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Deployment Is Confusing for Children, Which Makes Children Hard on Parents

An installment in the New York Times Deployment Diary

I recently read somewhere that doing the same thing over and over again and expecting different results was not the definition of insanity, but rather, the definition of parenting. The sentiment perfectly sums up bedtime with our 2½-year-old: routinely insane. We’ve cried it out and cuddled it out. We’ve bathed, read and rocked our way into different routines, to no avail. We’ve finally settled on “good enough” which consists of a bath, a story, only two trips to the bathroom, bedtime prayers and a hug and a kiss. In my son’s defense, I was (and, let’s be honest, am still) the same way. The struggle is real. I don’t like going to bed any more than he does.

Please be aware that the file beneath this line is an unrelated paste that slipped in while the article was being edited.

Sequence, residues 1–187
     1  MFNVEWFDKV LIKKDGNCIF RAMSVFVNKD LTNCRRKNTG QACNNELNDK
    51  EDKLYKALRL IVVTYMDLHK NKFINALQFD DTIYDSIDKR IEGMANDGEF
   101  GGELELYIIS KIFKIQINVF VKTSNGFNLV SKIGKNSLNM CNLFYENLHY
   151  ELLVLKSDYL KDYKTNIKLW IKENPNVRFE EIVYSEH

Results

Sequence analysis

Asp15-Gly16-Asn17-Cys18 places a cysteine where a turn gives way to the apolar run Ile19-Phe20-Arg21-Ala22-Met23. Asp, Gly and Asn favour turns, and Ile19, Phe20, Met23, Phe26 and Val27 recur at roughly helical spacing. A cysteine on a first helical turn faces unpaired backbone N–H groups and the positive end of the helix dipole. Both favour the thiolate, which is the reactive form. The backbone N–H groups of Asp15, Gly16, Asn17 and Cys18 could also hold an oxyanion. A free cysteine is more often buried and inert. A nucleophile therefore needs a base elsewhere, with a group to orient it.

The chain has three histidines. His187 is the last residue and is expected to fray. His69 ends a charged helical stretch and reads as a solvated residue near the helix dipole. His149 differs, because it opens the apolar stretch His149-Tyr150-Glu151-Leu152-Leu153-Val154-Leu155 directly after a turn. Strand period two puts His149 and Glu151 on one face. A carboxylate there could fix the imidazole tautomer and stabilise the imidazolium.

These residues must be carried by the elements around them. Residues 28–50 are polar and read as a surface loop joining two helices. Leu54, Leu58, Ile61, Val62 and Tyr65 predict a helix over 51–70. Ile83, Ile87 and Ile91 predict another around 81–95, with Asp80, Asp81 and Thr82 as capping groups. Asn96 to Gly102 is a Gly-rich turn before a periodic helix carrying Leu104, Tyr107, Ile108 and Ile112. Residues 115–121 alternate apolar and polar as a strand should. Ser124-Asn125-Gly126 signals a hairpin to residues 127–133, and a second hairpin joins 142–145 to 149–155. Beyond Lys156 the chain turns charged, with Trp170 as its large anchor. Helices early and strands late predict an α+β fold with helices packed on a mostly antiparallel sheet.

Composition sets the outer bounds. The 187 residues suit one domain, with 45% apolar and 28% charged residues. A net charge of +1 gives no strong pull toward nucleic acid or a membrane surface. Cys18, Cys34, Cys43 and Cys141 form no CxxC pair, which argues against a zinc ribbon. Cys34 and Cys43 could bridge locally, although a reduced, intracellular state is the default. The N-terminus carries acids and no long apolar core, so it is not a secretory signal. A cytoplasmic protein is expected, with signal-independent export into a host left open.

Bedtime around here is the time I feel my husband’s absence the most. We generally tag team dishes and bath, so once the kids are asleep we can enjoy some precious alone time (we also have a 4-year-old daughter). With him gone, I keep holding out hope for a fairy godmother to come do the dishes and fold laundry while I handle bedtime.

After several snow days last week, getting both of my babies to sleep was particularly stressful. My little guy would not stay in bed. The sound of those size 9 extra-wide feet running on the wood floor reverberates through the house. I’d already gone through our routine and I’d already been up an extra time to tuck him in.